Exclusively shot at night or in the dark, Erdoğan’s photographs bear witness to the city’s neglected ghettos and the rare spaces that remain out of the government’s suffocating grip. Though the photos give the impression of a blurry vision, Control depicts precisely the difficulties Turkish people are facing. “I moved into Gazi to be able to get into these issues,” reveals Erdoğan. The sex parties, dog fighting, and armed protests captured in the series are some of the many symptoms of the deep social malaise. “I think Turkey has entered into a dead-end, economically and socially”, he muses, adding that his images reflect the current climate of fear and conservatism in which “people with opposing thoughts are vilified and pushed into the night.”
Sexual activities are one element of the underground. “Those who cannot live out their different sexual orientations and preferences within society, live them secretly,” says Erdoğan. “Men and women from different social classes and professions gather to perform their fantasies.” Slowly making his way into this scene, Erdoğan started photographing meetings where people would have sex, sometimes in a group, in front of other partygoers. For those forced to hide, the night is an escape and a possibility to feel even the slightest sense of agency over their desires.
“Those who cannot live out their different sexual orientations and preferences within society, live them secretly” – Çağdaş Erdoğan
In other stills, men in balaclavas – “members of armed leftist organisations” and “mafia members” according to the photographer – seem to pose with their guns. It’s precisely due to this closeness to his subjects that Erdoğan was accused of belonging to terrorist groups. “(The authorities) alleged that I was a member of this organisation”, he explains, “because I was able to shoot these photographs.” The proximity is even more apparent in the shots of dog fights in which the photographer is, quite literally, nose to nose with the animal. During the trial, Erdoğan had to explain that his job is to tell stories and that physical closeness with his subjects didn’t make him his subjects.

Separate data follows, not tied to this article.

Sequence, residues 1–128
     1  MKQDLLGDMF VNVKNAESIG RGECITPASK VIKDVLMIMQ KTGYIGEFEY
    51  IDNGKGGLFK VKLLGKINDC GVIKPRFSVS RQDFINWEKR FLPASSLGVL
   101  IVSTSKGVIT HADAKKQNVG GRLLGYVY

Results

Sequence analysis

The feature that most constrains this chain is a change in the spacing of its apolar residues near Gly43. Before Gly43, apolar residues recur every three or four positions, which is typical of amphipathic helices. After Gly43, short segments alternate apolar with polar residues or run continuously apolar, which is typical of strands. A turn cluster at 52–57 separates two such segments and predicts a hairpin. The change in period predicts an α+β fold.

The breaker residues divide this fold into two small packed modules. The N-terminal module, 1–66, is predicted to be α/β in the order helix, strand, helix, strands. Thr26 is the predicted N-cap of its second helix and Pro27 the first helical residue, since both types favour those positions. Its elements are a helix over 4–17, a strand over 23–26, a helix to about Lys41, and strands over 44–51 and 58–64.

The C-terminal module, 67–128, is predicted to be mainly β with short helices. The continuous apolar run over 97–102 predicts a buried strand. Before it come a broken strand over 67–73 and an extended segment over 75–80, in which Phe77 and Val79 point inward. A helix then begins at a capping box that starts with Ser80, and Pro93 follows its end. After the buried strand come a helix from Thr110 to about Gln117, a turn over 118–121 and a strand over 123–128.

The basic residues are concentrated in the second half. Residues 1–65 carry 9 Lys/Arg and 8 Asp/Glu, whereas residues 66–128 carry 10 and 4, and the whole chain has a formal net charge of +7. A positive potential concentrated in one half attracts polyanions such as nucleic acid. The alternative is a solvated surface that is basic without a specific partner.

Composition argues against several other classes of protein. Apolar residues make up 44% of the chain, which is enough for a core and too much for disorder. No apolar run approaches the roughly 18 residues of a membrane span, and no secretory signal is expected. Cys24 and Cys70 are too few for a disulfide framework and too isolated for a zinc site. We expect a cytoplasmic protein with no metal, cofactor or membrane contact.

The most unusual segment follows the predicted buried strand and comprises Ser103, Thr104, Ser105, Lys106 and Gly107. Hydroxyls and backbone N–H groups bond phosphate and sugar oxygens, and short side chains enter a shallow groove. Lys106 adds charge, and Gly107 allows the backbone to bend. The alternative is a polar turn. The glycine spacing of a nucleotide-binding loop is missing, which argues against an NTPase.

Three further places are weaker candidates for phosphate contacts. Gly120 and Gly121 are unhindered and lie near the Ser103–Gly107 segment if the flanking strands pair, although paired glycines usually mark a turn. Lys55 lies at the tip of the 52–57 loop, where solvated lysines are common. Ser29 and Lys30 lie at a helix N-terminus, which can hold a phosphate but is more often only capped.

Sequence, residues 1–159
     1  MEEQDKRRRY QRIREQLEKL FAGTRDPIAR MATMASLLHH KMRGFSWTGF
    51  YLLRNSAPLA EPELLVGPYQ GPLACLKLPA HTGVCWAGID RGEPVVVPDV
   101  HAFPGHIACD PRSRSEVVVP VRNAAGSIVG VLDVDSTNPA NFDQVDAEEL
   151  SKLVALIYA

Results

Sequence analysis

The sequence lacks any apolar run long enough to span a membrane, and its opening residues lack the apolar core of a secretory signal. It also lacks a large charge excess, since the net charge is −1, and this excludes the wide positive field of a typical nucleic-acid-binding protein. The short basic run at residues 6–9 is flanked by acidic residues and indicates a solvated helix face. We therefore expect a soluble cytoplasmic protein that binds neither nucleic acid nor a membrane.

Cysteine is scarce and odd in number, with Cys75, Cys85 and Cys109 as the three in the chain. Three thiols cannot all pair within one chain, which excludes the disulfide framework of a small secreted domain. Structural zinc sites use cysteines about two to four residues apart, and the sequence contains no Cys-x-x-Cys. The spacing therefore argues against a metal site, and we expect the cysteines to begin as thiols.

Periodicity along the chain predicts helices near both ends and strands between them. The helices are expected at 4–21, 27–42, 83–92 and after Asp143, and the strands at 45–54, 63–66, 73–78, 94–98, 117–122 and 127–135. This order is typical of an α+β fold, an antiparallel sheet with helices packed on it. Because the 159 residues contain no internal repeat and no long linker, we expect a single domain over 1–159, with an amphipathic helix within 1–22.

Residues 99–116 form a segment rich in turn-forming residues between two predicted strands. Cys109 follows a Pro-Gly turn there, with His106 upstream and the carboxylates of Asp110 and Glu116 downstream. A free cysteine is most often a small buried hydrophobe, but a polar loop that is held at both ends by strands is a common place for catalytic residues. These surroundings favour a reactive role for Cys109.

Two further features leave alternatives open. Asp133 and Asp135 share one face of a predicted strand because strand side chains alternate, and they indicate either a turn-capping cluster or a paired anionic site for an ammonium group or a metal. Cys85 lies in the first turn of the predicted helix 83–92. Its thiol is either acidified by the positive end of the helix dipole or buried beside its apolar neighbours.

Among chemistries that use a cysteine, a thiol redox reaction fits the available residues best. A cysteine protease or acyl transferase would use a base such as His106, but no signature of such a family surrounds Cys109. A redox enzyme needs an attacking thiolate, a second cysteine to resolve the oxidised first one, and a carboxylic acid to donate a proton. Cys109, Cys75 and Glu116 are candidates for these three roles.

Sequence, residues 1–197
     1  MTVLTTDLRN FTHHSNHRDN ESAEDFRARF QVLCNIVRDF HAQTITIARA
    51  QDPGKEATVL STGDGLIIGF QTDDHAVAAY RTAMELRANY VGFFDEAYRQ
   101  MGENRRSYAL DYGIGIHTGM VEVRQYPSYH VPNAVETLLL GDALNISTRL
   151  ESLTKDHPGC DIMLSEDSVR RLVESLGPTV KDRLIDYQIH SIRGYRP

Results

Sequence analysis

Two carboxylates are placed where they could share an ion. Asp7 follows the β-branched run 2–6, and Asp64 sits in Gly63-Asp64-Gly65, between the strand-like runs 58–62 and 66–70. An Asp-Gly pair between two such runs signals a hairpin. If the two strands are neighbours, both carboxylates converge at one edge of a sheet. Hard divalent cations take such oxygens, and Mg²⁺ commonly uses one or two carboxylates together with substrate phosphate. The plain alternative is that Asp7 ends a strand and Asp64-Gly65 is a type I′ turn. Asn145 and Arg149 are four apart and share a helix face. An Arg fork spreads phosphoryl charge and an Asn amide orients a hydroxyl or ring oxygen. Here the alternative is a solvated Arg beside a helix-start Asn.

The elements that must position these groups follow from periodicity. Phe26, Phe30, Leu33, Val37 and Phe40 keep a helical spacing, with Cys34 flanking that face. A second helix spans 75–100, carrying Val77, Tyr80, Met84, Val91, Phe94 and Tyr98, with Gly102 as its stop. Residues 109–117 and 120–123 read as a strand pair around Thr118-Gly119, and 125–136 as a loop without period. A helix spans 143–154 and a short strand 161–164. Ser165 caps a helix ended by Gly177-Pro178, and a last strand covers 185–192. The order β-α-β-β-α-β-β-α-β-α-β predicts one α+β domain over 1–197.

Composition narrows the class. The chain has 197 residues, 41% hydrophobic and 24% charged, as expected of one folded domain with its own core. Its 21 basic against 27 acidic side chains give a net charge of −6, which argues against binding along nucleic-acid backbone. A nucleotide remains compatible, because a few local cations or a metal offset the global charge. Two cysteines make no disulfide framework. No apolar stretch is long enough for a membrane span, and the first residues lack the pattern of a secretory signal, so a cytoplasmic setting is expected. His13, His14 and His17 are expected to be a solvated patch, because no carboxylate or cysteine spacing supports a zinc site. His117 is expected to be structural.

“In recent times the government has increased the pressure,” Erdoğan says, “and is looking into different policies to wipe out these segregated neighbourhoods. The conflicts in the east of the country often increase the severity of the pressures applied to these neighbourhoods.” Longstanding problems like unemployment, a poor education system, and refugee arrivals accumulate in zones that seem ready to blow up once the stress becomes unbearable. “There are simply not enough schools in these areas to cater to the population and there are also not enough teachers, which results in most of the children leaving school without completing high school. This causes the children to carry out their potential in other areas.”
Until his forthcoming trial, Erdoğan is banned from travelling abroad. “I can’t attend my exhibitions in other countries and that’s a very saddening situation for me.” His work is currently on show in Paris at “Circulations”, a festival showcasing emerging photography talent. While the future seems uncertain, Erdoğan has not given up. He is working on “Cold Summer”, a new series that brings him back home to south east Turkey. Despite his incarceration and the scrutiny he is subjected to, he is determined. “I mostly tell hard-to-swallow stories such as war, minorities, oppression, sex workers, animal abuse, etc,” he says. “My motivation is my reason to pursue these stories: I live in a problematic point of the world, and I feel responsible to get these stories out. This is my drive, and I will keep driving.”